1. Coordinate the generation of comprehensive catalogues of genomic abnormalities (somatic mutations) in tumors in 50 different cancer types and/or subtypes which are of clinical and societal importance across the globe.
Ensure high quality by defining the catalogue for each tumor type or subtype to include the full range of somatic mutations including single-nucleotide variants, insertions, deletions, copy number changes, translocations and other chromosomal rearrangements, and to have the following features:
- Comprehensiveness, such that most cancer genes with somatic abnormalities occurring at a frequency of greater than 3% are discovered;
- High resolution, ideally at sequence-level resolution;
- High quality, using common quality standards for pathology and technology;
- Based on control data, generated from matched non-tumor tissue, to distinguish somatic aberrations from inherited sequence variants.
2. Generate complementary catalogues of transcriptomic and epigenomic datasets from the same tumors.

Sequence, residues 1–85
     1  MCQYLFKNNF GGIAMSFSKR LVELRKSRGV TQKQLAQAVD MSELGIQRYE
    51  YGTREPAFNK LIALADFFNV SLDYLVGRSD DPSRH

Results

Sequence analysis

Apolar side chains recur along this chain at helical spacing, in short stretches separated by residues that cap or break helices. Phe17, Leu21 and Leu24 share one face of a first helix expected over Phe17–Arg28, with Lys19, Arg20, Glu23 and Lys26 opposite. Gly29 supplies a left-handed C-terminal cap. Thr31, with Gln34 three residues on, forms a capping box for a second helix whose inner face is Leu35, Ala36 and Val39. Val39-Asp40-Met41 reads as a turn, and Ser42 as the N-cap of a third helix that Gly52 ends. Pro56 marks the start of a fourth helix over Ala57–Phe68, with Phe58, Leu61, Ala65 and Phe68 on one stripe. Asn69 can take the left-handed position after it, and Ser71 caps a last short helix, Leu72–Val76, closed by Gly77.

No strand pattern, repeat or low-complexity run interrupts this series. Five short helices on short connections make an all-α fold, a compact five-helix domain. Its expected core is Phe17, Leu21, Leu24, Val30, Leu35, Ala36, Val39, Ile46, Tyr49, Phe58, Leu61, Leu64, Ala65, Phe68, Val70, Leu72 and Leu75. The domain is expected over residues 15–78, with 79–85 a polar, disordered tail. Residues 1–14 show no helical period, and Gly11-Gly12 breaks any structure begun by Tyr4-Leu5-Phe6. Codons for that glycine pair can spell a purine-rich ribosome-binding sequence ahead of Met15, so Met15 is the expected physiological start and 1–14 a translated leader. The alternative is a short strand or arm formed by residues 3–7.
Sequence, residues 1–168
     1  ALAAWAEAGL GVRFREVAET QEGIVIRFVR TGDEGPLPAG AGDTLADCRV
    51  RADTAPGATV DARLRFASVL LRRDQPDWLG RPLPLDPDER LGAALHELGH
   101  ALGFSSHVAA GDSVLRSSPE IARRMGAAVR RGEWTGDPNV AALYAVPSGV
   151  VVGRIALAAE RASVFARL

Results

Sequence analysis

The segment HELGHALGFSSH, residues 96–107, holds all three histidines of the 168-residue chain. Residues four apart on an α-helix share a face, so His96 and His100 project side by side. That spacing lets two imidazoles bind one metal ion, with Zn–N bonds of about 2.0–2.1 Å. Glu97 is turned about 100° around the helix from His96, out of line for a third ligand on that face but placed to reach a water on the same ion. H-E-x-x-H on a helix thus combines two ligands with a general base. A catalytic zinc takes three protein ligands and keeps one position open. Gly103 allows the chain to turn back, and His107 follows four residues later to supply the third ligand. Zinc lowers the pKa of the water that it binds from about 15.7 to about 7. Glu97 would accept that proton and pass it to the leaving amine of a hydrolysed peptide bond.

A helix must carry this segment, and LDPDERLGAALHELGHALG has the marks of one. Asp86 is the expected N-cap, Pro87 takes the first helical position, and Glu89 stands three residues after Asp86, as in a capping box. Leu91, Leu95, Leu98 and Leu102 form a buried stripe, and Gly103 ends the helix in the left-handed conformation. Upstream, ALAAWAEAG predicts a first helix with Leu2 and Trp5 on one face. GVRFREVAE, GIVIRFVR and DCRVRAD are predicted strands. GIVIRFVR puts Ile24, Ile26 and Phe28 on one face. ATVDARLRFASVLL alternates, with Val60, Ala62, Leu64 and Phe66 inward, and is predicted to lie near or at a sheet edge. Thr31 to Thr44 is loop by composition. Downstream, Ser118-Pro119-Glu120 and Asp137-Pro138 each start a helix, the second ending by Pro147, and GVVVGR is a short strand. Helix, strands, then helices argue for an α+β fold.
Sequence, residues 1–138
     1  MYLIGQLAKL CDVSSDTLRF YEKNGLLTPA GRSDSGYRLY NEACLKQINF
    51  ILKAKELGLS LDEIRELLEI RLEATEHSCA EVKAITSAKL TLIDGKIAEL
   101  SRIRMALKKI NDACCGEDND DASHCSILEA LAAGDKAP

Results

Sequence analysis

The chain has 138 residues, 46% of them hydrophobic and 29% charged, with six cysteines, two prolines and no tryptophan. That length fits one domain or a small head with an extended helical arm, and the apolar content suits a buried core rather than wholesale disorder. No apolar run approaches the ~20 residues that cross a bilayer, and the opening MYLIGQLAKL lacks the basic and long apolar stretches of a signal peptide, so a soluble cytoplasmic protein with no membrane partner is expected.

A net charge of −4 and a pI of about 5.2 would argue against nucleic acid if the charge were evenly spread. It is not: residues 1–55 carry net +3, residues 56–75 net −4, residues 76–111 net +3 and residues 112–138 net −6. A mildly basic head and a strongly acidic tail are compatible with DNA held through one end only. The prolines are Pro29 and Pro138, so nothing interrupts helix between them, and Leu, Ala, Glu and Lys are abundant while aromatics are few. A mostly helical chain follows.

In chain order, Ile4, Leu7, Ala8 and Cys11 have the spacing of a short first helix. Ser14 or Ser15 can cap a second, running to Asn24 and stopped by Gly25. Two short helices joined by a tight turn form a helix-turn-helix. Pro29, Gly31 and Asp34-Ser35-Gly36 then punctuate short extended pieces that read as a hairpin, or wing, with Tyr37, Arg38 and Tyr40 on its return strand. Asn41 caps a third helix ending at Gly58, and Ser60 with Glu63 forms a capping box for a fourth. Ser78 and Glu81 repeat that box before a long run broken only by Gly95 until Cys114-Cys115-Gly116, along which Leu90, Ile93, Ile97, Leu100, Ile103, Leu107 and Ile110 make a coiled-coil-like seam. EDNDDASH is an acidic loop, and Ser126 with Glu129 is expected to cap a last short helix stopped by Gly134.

3. Make the data available to the entire research community as rapidly as possible, and with minimal restrictions, to accelerate research into the causes and control of cancer.
4. Coordinate research efforts so that the interests and priorities of individual participants, self-organizing consortia, funding agencies and nations are addressed, including use of the burden of disease as a criterion for target selection, and the minimization of unnecessary redundancy in tumor analysis efforts.
5. Support the dissemination of knowledge and standards related to new technologies, software, and methods to facilitate data integration and sharing with cancer researchers around the globe.
Given the many uncertainties in a project of this scope -- such as in predicting the speed at which technologies will evolve, the time that will be needed to acquire sufficient numbers of high-quality samples for some of the proposed tumor types, and other factors -- the ultimate timeframe to generate data for 50 tumor types cannot be accurately projected, but it is anticipated to take several years. On the other hand, data from some of the tumor projects already underway will actually begin to be available soon after launching the ICGC.